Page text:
Where burials or interments are concerned, there is a presumption of permanence. A faculty is required for the exhumation of human remains from consecrated ground and a good case will have to be made out to show why there should be a departure from the presumption of permanence. Every application will be carefully considered on its own particular facts and merits.

The church considers burial/interment as final and permanent. It follows that some fairly exceptional circumstances will be required to justify an exhumation - for example where a person has been buried in a grave which already reserved for another. In the 2019 case of Re St Andrew, Ham, the Southwark Consistory Court held that exceptional circumstances existed where a four month old child had died and the parents had subsequently moved to Tasmania in 1987.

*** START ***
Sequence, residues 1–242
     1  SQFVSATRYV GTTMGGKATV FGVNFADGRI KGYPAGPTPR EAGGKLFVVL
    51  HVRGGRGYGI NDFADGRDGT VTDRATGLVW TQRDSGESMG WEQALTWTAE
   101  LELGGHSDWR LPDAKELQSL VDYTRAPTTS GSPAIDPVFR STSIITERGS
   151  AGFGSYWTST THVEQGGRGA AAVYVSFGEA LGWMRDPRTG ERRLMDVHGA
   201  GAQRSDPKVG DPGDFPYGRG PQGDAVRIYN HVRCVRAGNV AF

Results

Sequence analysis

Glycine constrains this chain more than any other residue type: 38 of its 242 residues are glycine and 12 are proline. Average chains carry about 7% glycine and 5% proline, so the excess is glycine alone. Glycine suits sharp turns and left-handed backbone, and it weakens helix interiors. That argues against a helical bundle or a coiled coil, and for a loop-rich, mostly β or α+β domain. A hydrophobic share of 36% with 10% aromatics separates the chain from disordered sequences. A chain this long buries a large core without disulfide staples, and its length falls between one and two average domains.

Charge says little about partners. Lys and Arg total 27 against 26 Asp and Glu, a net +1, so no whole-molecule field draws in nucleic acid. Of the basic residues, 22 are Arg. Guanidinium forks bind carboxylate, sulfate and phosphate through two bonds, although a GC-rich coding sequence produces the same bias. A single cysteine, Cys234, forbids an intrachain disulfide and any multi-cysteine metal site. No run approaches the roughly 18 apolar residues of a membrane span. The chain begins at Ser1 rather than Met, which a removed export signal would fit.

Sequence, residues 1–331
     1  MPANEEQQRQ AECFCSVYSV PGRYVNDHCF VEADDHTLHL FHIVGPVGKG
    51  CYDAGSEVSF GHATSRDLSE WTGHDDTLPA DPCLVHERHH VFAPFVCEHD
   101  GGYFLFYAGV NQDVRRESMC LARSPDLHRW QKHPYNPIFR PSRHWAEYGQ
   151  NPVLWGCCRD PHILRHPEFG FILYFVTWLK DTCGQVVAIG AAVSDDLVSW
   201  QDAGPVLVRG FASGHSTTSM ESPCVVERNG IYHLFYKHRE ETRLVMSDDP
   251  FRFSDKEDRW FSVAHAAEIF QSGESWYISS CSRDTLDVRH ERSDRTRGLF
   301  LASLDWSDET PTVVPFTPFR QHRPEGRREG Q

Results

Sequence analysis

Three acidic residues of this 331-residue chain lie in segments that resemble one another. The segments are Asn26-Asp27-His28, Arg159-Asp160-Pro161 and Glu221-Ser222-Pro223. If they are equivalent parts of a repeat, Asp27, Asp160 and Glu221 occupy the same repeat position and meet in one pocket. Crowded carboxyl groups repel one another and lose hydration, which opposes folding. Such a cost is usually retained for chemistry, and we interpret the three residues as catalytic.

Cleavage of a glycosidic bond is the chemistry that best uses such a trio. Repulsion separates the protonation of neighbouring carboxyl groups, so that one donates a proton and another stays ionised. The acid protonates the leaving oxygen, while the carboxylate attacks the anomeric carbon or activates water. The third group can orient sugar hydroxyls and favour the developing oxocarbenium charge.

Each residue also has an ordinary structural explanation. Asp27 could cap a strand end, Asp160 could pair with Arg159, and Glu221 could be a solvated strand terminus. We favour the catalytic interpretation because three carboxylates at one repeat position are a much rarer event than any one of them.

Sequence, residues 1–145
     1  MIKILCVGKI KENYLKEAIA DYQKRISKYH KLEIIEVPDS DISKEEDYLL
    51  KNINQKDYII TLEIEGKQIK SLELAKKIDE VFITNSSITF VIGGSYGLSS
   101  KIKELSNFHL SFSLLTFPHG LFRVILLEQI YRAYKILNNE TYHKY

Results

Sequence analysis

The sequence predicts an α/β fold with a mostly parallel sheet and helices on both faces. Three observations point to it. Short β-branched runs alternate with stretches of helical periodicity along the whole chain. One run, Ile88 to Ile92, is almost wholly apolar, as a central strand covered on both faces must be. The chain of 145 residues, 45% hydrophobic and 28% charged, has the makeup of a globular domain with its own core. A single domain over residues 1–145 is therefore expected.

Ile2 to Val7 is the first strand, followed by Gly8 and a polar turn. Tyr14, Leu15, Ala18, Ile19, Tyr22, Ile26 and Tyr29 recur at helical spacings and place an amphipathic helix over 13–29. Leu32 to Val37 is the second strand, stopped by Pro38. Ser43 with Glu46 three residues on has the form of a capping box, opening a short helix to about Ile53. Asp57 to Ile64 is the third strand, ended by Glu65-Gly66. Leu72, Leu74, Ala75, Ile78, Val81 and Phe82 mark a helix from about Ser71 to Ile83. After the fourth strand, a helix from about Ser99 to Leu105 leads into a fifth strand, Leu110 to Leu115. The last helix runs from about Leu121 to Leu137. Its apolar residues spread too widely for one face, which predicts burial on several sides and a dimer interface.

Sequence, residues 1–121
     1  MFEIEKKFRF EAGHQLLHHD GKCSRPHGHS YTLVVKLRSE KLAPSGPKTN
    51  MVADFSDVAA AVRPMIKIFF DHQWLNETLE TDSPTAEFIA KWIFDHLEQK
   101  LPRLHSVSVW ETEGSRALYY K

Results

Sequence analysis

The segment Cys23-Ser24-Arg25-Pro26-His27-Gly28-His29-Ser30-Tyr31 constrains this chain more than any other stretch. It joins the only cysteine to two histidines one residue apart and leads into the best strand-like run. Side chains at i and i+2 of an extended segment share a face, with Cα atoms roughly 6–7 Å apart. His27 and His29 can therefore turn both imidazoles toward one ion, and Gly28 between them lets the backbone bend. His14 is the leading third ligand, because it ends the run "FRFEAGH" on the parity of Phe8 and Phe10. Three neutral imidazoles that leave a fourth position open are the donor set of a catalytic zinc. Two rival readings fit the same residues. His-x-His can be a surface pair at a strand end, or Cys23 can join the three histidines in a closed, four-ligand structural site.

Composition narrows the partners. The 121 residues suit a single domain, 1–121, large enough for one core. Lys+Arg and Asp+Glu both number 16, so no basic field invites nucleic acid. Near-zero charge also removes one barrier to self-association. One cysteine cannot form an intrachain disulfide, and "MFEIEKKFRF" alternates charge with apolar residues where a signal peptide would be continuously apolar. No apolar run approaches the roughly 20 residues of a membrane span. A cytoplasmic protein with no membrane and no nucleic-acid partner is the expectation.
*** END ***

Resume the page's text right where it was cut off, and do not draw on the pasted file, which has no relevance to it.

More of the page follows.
The consistory courts have recently spoken of there being a "high hurdle" set for petitioners in order to demonstrate the exceptionality which would be required to justify an order for exhumation - see Re SMF (deceased) (2019).